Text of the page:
• Hands down-the way to go. Classic good manners say to keep your hands below your shoulders when in public. The idea is to avoid touching your face, which may also help keep you from getting sick after rubbing your nose, mouth or eyes with unclean hands.
  • Be informed and show concern. If someone near you is exhibiting signs of the flu - fever, aches, chills, tiredness - encourage them to see a doctor quickly. Don't feel uncomfortable. Say, "I'm worried about you-it might be flu. I think you should see a doctor."

While the flu may not be predictable, through our actions we can help prevent its spread.


Visit NFID.org or FluFACTS.com for more flu-fighting tips and to download a free coloring book.


Please note: Genentech, a member of the Roche Group, provided The Emily Post Institute, Inc. and NFID with support to assist in educating about influenza.


Business Etiquette Tips


 How to be an expert at small talk:




1. Become familiar with various topics.

Read newspapers and news magazines to be knowledgeable about world and national events. It helps to stay informed on local news as well as general interest television programs. Become a generalist and know something about a variety of things.  

2. Ask people their opinions.

Before you go to an event, list three or four questions you can ask at the start of a conversation. Always couch these questions in terms of asking a person for his or her opinion. Remember, people love to be asked for their views.  

3. Stay away from controversial topics.

Politics, sex, and religion can be potential argument starters that can backfire on you.  

4. Know about your host(s).

If possible, learn their interests ahead of time. You can ask colleagues or your boss, or if the event is in your host's home or office, take note of the pictures and other objects for clues.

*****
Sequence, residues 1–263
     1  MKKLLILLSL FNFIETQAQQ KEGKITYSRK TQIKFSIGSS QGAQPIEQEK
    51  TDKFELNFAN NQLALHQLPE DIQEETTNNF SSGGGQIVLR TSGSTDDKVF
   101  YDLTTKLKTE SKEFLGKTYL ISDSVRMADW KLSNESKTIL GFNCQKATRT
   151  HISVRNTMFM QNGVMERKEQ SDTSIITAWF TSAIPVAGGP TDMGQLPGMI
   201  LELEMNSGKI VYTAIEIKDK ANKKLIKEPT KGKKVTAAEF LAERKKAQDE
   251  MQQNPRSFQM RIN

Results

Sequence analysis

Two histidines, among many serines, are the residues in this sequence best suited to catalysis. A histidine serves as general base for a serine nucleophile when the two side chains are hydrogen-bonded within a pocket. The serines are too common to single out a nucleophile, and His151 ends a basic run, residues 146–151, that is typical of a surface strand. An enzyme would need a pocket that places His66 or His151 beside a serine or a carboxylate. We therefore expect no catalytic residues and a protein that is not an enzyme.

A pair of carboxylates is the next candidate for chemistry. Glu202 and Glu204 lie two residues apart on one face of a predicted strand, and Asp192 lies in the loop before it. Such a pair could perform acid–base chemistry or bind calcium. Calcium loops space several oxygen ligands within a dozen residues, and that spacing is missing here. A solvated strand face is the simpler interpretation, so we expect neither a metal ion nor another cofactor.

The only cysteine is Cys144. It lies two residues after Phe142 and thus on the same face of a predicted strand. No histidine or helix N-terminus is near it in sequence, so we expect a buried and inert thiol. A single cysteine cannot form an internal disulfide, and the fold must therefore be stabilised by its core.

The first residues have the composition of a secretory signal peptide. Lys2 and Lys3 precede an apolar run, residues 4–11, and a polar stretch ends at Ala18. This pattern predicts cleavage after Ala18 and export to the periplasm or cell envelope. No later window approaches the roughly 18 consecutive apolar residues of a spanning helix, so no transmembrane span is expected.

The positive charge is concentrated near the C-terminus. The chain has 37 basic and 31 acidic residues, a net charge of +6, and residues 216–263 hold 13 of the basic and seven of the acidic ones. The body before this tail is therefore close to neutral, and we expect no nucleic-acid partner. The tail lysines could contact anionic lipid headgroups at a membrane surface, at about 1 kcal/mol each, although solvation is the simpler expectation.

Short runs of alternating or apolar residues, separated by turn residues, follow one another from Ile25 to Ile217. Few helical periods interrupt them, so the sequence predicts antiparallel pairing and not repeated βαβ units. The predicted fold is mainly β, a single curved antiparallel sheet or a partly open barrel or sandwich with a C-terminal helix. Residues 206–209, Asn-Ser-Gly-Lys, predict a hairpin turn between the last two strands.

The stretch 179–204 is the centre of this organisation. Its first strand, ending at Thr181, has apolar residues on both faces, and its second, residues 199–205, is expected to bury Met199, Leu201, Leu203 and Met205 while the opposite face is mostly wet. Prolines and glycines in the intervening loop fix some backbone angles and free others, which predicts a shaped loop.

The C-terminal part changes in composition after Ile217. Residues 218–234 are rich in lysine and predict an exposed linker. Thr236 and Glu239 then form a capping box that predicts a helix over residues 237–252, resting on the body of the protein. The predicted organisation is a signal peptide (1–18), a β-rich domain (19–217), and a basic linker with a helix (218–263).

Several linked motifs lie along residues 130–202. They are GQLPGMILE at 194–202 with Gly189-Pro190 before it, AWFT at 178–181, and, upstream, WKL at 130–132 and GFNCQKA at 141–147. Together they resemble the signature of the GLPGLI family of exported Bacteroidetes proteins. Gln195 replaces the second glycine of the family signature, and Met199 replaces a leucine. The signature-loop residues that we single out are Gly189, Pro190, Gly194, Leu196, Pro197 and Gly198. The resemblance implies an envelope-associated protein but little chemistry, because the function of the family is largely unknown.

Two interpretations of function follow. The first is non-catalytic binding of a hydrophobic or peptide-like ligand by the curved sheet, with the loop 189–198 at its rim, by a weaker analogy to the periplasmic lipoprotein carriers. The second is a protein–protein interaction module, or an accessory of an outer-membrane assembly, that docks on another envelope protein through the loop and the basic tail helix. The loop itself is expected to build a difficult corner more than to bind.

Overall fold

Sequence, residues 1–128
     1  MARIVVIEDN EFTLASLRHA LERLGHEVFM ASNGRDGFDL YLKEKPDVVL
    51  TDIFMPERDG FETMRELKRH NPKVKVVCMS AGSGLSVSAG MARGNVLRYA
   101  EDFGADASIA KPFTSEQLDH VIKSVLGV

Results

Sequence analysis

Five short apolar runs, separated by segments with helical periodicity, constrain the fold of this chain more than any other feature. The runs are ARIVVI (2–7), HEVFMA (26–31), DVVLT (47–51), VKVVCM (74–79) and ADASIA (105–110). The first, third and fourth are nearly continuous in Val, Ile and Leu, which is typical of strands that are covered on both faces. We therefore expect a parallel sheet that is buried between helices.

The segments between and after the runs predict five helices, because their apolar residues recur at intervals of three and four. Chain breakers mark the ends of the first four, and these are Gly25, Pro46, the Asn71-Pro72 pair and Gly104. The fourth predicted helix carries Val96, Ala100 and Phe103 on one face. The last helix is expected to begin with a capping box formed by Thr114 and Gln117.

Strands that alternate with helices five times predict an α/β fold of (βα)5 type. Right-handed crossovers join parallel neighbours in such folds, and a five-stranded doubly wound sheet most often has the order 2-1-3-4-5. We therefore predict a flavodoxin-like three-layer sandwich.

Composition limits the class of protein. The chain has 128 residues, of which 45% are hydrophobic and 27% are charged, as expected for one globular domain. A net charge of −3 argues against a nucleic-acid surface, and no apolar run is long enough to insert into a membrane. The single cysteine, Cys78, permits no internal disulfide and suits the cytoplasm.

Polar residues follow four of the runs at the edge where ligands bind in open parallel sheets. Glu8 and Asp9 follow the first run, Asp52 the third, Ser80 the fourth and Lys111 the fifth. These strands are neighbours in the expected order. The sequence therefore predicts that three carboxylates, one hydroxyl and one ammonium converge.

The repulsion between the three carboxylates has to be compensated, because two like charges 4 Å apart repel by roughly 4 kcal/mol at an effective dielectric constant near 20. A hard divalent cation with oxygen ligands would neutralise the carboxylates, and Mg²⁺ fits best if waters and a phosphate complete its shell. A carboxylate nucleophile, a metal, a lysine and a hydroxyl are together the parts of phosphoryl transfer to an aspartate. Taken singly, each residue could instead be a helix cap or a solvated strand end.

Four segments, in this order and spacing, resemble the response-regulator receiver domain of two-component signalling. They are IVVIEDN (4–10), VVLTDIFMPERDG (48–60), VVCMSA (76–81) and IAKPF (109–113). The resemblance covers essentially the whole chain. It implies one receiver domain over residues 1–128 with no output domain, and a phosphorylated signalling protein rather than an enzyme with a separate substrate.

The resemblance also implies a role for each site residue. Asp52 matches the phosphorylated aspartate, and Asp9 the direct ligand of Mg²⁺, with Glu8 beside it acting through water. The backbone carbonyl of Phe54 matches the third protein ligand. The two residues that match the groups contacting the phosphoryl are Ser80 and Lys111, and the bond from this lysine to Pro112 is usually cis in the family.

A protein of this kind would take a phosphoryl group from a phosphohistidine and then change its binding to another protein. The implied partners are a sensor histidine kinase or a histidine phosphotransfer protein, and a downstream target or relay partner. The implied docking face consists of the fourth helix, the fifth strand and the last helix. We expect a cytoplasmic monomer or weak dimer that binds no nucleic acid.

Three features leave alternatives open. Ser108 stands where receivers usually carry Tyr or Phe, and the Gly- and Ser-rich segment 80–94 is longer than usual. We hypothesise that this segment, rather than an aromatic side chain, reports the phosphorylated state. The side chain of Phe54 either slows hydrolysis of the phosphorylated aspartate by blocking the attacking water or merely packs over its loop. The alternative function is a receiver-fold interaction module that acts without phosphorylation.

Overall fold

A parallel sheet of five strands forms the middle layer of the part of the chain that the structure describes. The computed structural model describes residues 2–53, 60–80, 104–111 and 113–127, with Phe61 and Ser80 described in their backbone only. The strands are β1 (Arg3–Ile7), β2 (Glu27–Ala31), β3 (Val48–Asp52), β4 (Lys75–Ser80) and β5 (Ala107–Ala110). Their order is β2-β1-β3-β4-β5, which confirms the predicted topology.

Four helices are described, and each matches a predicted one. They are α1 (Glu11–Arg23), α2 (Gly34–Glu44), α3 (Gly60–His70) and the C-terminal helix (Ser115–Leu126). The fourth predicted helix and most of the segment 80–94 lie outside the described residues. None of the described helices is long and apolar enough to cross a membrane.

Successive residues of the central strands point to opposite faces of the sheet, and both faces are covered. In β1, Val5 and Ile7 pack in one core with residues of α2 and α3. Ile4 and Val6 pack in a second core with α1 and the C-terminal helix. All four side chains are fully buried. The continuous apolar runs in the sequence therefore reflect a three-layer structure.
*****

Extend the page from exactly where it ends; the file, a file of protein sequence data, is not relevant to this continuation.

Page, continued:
5. Listen. Listen. Listen.

Become a great listener by learning to focus on the person who is talking and tune out the other distractions around you. Listening is a sign of respect, and a key component in every conversation.   


Etiquette Bites!
The Bulletin Board Rule

Peter Post explains The Bulletin Board Rule of communication.

Valentine's Day Survey Results!

As Valentine's Day approaches, many people's thoughts turn to flowers and candlelit dinners but not to awkward moments when a date takes a cell phone call at the table or long pauses when the check comes. Working with SurveyMonkey, The Emily Post Institute published a survey to gather opinions on the holiday.  

As it turns out, Valentine's Day is a holiday mainly for married couples. The majority of people surveyed who were planning on spending time with their significant other were married.

"I was really interested-and pleased-to see that most people who plan to ask someone out plan to do so in-person. That shows confidence," says Anna Post, the family spokesperson for the survey.